Introduction Task shifting is a potential solution to the shortage of healthcare personnel in low/middle-income countries, but contextual factors often dilute its effectiveness. We report on a task shifting intervention using lay health workers to support clinic staff in providing chronic disease care in rural South Africa, where the HIV epidemic and an ageing population have increased demand for care.
Methods We conducted a realist evaluation in a cluster randomised controlled trial. We conducted observations in clinics, focus group discussions, in-depth interviews and patient exit interviews, and wrote weekly diaries to collect data.
Results All clinic managers had to cope with an increasing but variable patient load and unplanned staff shortages, insufficient space, poorly functioning equipment and erratic supply of drugs. These conditions inevitably generated tension among staff. Lay health workers relieved the staff of some of their tasks and improved care for patients, but in some cases the presence of the lay health worker generated conflict with other staff. Where managers were able to respond to the changing circumstances, and to contain tension among staff, facilities were better able to meet patient needs. This required facility managers to be flexible, consultative and willing to act on suggestions, sometimes from junior staff and patients. While all facilities experienced an erratic supply of drugs and poorly maintained equipment, facilities where there was effective management, teamwork and sufficient space had better chronic care processes and a higher proportion of patients attending on their appointed day.
Conclusion Lay health workers can be valuable members of a clinic team, and an important resource for managing increasing patient demand in primary healthcare. Task shifting will only be effective if clinic managers respond to the constantly changing system and contain conflict between staff. Strengthening facility-level management and leadership skills is a priority.
Trial registration number ISRCTN12128227.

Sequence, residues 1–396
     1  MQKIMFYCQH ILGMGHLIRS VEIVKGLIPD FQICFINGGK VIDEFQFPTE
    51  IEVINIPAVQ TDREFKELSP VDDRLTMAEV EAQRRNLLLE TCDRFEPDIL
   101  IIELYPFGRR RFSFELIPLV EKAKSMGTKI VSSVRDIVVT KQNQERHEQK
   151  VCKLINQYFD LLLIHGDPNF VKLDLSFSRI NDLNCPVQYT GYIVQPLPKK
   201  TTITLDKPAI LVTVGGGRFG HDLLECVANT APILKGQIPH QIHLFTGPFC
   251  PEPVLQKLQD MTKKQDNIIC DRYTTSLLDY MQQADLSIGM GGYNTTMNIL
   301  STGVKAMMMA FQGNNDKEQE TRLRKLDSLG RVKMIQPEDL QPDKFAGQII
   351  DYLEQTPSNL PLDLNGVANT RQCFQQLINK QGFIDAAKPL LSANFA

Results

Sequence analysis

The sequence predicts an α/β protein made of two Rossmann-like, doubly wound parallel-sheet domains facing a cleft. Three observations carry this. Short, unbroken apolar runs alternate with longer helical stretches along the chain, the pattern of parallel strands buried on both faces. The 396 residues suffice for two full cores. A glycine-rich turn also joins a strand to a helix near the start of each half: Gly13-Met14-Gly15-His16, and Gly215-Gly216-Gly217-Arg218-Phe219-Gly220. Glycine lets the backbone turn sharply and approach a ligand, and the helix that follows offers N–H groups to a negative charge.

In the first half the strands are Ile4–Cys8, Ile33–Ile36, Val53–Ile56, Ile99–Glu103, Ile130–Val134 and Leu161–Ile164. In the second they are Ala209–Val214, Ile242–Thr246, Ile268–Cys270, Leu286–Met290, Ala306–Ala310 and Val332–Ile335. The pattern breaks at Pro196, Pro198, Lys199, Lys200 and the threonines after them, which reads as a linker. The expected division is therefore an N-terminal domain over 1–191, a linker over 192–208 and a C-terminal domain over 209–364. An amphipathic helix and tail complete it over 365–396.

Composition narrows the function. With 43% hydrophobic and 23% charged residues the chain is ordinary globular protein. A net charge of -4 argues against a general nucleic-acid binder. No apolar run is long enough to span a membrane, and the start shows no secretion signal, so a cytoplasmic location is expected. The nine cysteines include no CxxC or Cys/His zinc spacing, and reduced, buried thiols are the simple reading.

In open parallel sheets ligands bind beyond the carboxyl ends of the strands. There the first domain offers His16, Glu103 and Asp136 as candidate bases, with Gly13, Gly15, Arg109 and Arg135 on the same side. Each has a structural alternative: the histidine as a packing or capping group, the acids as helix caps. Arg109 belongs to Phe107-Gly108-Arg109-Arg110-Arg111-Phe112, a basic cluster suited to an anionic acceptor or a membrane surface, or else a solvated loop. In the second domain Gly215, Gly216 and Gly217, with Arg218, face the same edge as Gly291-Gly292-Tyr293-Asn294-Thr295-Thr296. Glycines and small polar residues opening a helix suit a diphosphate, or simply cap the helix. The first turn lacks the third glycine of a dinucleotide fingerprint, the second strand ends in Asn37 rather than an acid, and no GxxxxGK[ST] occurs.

- task shifting
- lay health worker
- South Africa
- realist evaluation
- chronic care
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Handling editor Seye Abimbola
Contributors FL was responsible for the research implementation and data collection, analysis and interpretation of data, and drafting and revising the manuscript. MT conceptualised the study, had overall oversight of the research and contributed to the drafting of the manuscript. FXGO and CK supported collection, analysis and interpretation of data and contributed to the drafting of the manuscript. JG conceptualised the study, had overall oversight of the research and analysis and provided the editorial support in the drafting and finalisation of the paper. All authors read and approved the final manuscript.
Funding This research was conducted with financial support from Medical Research Council of the UK (MRC UK) under the Global Alliance for Chronic Diseases programme (grant reference MR/JO16020/1).
Disclaimer The authors declare that the funders did not have a role in the design of the study and collection, analysis and interpretation of data and in writing the manuscript.
Competing interests None declared.
Patient consent for publication Not required.
Ethics approval The process evaluation was granted ethics clearance from the Committee for Research on Human Subjects (Medical), University of the Witwatersrand (certificate number M140619) and Mpumalanga Province Research and Ethics Committee. Ethical clearance for the trial was also obtained from the Committee for Research on Human Subjects (Medical), University of the Witwatersrand (certificate number M130964), Mpumalanga Province Research and Ethics Committee and Biomedical Research Ethics Committee, University of Warwick, UK (certificate number REGO-2013-562).
Provenance and peer review Not commissioned; externally peer reviewed.
Data sharing statement The data sets generated during and/or analysed during the current study are not publicly available because qualitative data, although anonymised, can inadvertently reveal the identity of participants, particularly key informants, but are available from the corresponding author on reasonable request.
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